Saint-Louis University - Bruxelles

ESPO1170 - Economics I


Credits : 5

Lecturer :
Teaching assistants :
Mode of delivery :
Face-to-face , first term, 30 hours of theory and 15 hours of exercises.

Timetable :
First term
Tuesday from 13:30 to 15:30 at 43 Botanique 5

Language of instruction :
The class and the reference book are in English. The reference book is also available in French.

Learning outcomes :
The aim of this course is to provide the students with a first approach to a rigorous analysis of the micro-economic mechanisms of a market economy. More specifically, the objectives are:
1. Familiarize the students with the basic concepts and the fundamental mechanisms of the micro-economic analysis;
2. Get the students to use those mechanisms and concepts to carry out a rigorous analysis of several "real-life" economic problems and economic policy recommendations;
The chosen methodology is a qualitative and graphical presentation of economic models, so as to provide the students with an array of intuitions regarding micro-economic analysis.

Prerequisites :

Co-requisites :

Course contents :
The Economics 1 course will start with a presentation of the demand and supply economic model in order to provide an analysis of the mechanisms and inner workings of competitive markets (price determination, equilibrium quantity, etc.). It will also be the occasion to investigate the impact on the competitive equilibrium of some public policies such as price control and indirect taxation.
The course will then determine why, and under which conditions, free trade can be viewed as an efficient way to coordinate the actions of specialized economic agents. Through a careful examination of the (utopic) necessary conditions a market must fulfil so as to be considered perfectly competitive, it will be brought to the students' attention that those conditions are seldom (if ever) respected: the course will then provide an overview of several market failures, as well as study in detail several types of imperfect competition.
Finally, the question of the possibility (and the necessity) of public intervention in a market economy will remain a central focus throughout the course.

Part I: Introduction
Chapter 1: "To think like an economist" - basic concepts (Mankiw, chapitres 1 et 2)

Part II: Supply and demand - how markets work
Chapter 3: The market forces of supply and demand (Mankiw, ch. 4, ch. 5)
Chapter 4: Consumers, producers and the efficiency of markets (Mankiw, ch. 7, 8)
Chapter 5: Supply, demand and government policies (Mankiw, ch. 6)

Part III: Market failures under perfect competition
Chapter 6: Externalities (Mankiw, ch.10)
Chapter 7: Public goods and common resources (Mankiw ch. 11)

Part IV: Firm behavior in competitive markets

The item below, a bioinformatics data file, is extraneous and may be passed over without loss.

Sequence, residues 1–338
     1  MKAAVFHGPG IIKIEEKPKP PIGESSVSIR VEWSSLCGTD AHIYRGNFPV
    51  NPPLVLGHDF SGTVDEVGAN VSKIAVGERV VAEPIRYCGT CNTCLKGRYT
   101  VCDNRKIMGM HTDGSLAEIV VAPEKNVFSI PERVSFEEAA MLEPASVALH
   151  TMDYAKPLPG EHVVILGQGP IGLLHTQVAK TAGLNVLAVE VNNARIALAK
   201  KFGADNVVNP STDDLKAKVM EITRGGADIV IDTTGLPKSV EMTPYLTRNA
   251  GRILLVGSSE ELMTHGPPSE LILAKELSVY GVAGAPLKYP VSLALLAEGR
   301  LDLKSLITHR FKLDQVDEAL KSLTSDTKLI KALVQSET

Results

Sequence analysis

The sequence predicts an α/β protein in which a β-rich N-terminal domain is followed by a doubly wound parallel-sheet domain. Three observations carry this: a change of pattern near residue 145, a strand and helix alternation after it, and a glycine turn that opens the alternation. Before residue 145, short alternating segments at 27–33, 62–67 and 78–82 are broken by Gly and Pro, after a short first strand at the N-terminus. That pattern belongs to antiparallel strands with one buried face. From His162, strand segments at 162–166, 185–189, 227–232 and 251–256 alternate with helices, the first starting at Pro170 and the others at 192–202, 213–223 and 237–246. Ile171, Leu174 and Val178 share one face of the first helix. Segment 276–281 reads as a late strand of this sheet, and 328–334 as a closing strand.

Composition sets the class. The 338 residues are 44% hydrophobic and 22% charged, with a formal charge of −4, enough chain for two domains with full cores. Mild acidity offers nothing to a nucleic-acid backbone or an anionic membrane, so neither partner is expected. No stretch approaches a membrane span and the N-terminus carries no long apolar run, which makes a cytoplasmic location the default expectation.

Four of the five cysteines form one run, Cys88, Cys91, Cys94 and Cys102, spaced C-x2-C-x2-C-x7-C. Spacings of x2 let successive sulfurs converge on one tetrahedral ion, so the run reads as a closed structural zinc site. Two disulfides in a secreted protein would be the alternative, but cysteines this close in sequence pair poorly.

Chapter 8: The costs of production (Mankiw, ch. 13)
Chapter 9: Firms in competitive markets (Mankiw, ch. 14)

Part V: Imperfect competition
Chapter 10: The monopoly and other examples of imperfect compeition (Mankiw ch. 10, 11)

Planned learning activities and teaching methods :
a) Plenary lectures
During the plenary lectures, the professor presents the concepts and mechanisms associated to the different models. Those lectures will follow the course outline presented above.

b) Exercise sessions
The exercise sessions are carried out in small groups, and aim at checking knowledge acquisition as well as applying the theoretical concepts presented in class to solve exercises and case studies. So as to benefit from those sessions, the students should have reviewed the corresponding lectures.

c) Personal work
Regular personal work is critical for success. As the course goes on, each student is expected to devote sufficient time so as to make sure he/she understands the subjects being treated. The revision period at the end of the semester should not be the occasion to discover the course content, but rather to strengthen the comprehension of a course that is already known by the student. Personal meetings with the course assistants and the professor can be arranged for the students who specifically ask it.

Assessment methods and criteria :
The final exam is written. It requires a knowledge of the theoretical concepts as well as the ability to apply those concepts to the resolution of applied exercises (similar but not identical to those treated in the exercise sessions) and the analysis of real-life economic problems.

Recommended or required reading :
Reference book: Economics, N. Gregory Mankiw and Mark P. Taylor, third edition, 2014.

Other information :